The last day of the first ever European Literature Fair by National Bookstore has coincided this year’s Dia Del Libro. Both events highlighted the strong literary diplomacy of the Philippines and the Western world, and how such relationship continues to shape the history of arts and letters here in our country.
With the principal aim of introducing the great literary works from Europe, the European Literature Fair also explores the transnational circulation of literature. Over the last three weeks, the fair showcased both the established names of European writing and those who are emerging to fame with their groundbreaking contemporary works. Some authors featured in the fair include Miguel de Cervantes, William Shakespeare, and Hans Christian Andersen. When asked about his thoughts on the Philippines’ first European Literature Fair, Czech Ambassador Jaroslav Olsa Jr. said it is a unique opportunity for him to exemplify the awe-inspiring assortment of the European literary scene, and show that European authors cater to a multitude of literary tastes, and a variety of genres covering many literary styles.
Meanwhile, Dia Del Libro is a literary celebration which has quickly become a tradition for Filipino book lovers since it was first launched in April 2006. The event is inspired by a Spanish festival of the same name where women and men exchange books and roses on St George’s Day. This year is actually my second Dia Del Libro experience and I can only say all the best things about it. You can read my article about last year’s festival here.
Even though language can be a crucial factor in creating an inclusive environment for the literatures of the Philippines and European countries, the process of translation has been instrumental in bringing great literary works of our friends from the other side of the Atlantic to Filipino shelves. With the zealous effort of the European Union National Institutes for Culture (EUNIC) and other European embassies and cultural institutes in Manila, they have delivered innumerable translated works which helped Filipinos understand more the heritage and culture of countries like France, Great Britain, Russia, and Spain.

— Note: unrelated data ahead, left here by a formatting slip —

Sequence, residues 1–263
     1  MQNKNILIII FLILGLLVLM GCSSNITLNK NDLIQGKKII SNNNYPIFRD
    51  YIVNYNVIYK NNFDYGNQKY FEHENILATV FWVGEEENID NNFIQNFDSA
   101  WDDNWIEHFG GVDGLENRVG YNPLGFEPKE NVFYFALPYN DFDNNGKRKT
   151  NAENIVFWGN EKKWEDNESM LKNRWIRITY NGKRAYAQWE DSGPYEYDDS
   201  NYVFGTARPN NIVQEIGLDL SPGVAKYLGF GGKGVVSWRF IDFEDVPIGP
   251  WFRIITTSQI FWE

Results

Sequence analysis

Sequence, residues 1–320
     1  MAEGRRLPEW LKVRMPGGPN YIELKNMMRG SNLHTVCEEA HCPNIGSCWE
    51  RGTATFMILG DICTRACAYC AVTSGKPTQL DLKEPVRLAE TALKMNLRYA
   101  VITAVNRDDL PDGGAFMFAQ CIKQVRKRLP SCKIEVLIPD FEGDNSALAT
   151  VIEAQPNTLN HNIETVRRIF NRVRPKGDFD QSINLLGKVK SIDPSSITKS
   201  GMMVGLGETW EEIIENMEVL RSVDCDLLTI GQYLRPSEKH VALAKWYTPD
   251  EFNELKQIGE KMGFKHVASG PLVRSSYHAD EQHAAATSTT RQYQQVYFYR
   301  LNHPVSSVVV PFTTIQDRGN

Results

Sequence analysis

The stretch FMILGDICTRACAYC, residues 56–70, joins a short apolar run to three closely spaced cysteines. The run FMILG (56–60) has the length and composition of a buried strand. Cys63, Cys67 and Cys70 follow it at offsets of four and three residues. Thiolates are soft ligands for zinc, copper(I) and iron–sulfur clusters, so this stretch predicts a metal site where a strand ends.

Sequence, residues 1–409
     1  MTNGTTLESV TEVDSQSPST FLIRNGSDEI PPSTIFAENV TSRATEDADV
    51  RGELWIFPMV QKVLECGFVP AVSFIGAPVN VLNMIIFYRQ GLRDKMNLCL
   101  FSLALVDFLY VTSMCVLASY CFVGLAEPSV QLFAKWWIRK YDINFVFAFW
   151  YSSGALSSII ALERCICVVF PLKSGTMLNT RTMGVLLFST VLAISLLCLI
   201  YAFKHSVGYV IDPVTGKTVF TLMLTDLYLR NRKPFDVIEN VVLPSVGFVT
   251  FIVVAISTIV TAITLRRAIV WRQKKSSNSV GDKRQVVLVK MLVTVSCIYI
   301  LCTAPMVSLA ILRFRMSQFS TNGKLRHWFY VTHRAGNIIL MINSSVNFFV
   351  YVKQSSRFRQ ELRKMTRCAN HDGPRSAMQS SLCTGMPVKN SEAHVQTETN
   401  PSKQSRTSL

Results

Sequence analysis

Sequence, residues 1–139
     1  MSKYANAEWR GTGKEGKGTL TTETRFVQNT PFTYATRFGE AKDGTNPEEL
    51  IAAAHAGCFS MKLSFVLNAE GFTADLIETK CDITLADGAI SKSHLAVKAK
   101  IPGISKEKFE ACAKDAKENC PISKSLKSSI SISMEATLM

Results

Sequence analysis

Layag and Agos
The Czech Embassy in Manila is one of the countless institutions which are making sure that European books have a significant presence in our local bookstores. Ambassador Olsa Jr., along with EUNIC, launched last year the first volume in the European Anthology series called Layag: European Classics in Filipino. It is a particularly unique literary work because not only does it offer one of the best collections of classic European stories, it is also translated in Filipino making it accessible for wider readership. Layag first hit bookstores last year when it was launched at Dia Del Libro 2017.
Fresh off from the success of Layag, EUNIC has this year introduced the new addition to the anthology called Agos: Modern European Writers in Filipino. The book celebrates the works of contemporary authors from different parts of Europe, some of whom are Alois Hotschnig of Austria, Garry Kilworth of Britain, and Veronika Santo of Croatia.
Since I have not yet read Layag, I decided to get a copy of it at this year’s Dia Del Libro. It was a complete pleasure to meet Ambassador Olsa Jr. at the event who was generous enough to sign my book. I told him I was worried I’d might miss his book signing event since I needed to drop by at the NBS Glorietta Branch for the European Literature Fair. Overwhelmed with my dedication to both events, he placed a note on my book to express his gratitude for my support.
Why I am Obsessed with European Literature [and trust me, I’m not the only one]